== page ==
Public Employees’ Privacy and Technology

On June 18, the U.S. Supreme Court overturned a Ninth Circuit Court of Appeals decision in City of Ontario California v. Quon.  Slip Op No. 08-1332.  You may remember that the Ninth Circuit had found that a city’s discharge of a police officer for inappropriate use of a pager violated the employee’s privacy expectations.  The Supreme Court’s decision, overturning the Ninth Circuit holding, was based on the application of the 4th Amendment protections to public sector employers.  The Court’s holding was relatively narrow and expressly does not address whether a city’s reading of text messages violates the federal Stored Communications Act, 18 U.S.C. 2701, nor does the ruling establish any “far reaching premises that defined the existence, and extent, of privacy expectations enjoyed by employees when using employer-provided communications devices.”  The Supreme Court in its decision avoided “elaborating too fully on the … implications of emerging technology.” 

 The decision does provide some guidance to public employers:

1.         The Supreme Court noted that the City of Ontario’s use policies did not “apply, on its face, to text messaging.”  Employers should review their policies carefully to make sure that they fully warn employees that the use of City e-mail facilities, telephone, text messaging and other electronic equipment, does not create a right to privacy.  In light of evolving technology, you should consider whether your e-mail policy takes all City-supplied devices into consideration.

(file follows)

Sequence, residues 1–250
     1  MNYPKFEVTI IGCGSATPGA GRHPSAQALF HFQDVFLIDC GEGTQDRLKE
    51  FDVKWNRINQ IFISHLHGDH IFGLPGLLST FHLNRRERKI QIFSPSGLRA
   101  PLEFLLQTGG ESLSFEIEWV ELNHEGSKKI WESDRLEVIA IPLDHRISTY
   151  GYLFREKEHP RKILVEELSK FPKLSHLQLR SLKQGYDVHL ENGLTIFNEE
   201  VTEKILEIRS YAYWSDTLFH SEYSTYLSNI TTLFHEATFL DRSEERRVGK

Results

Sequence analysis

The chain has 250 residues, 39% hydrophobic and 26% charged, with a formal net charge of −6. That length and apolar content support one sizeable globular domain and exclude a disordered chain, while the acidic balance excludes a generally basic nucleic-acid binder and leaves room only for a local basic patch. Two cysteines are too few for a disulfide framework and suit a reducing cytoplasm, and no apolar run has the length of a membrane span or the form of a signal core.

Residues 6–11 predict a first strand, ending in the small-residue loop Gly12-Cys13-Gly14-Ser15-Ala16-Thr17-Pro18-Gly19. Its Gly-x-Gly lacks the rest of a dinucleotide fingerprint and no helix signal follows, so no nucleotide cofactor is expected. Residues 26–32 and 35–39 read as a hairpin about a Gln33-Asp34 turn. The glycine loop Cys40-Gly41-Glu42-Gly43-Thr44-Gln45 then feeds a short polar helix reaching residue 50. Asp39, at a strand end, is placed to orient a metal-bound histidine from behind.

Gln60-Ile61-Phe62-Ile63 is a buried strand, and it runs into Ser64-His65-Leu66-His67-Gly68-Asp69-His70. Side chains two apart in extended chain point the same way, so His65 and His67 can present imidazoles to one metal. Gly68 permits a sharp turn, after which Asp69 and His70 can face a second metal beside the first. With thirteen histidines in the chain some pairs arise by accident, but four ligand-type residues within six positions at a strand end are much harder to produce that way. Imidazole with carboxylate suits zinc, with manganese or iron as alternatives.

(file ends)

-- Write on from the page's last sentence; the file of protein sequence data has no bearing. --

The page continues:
2.         The original Ninth Circuit decision hinged in large part upon the communications between the terminated employee and his supervisor.  While the employer’s policy attempted to limit privacy expectations and reserve the right of review, comments by the supervisor indicated that the employee had some privacy expectations.  The Supreme Court highlighted the importance of clear, comprehensive policies involving electronic communications stating: 

“Employer policies concerning communications will of course shape the reasonable expectations of their employees, especially the extent such policies are clearly communicated.”

This statement, again, emphasizes that your best protection is having clear, enforceable personnel policies. 

Please note that there is a distinction between the review which a public employer may conduct and public records which are required to be disseminated under the Washington Public Records Act.  As the Attorney General’s model rules indicate, employees’ personal communications using City e-mail are not public records and therefore are not subject to dissemination.  What the public may request and receive is different than what a public employer may review in order to investigate complaints, manage its employees, and retrieve other  public documents.

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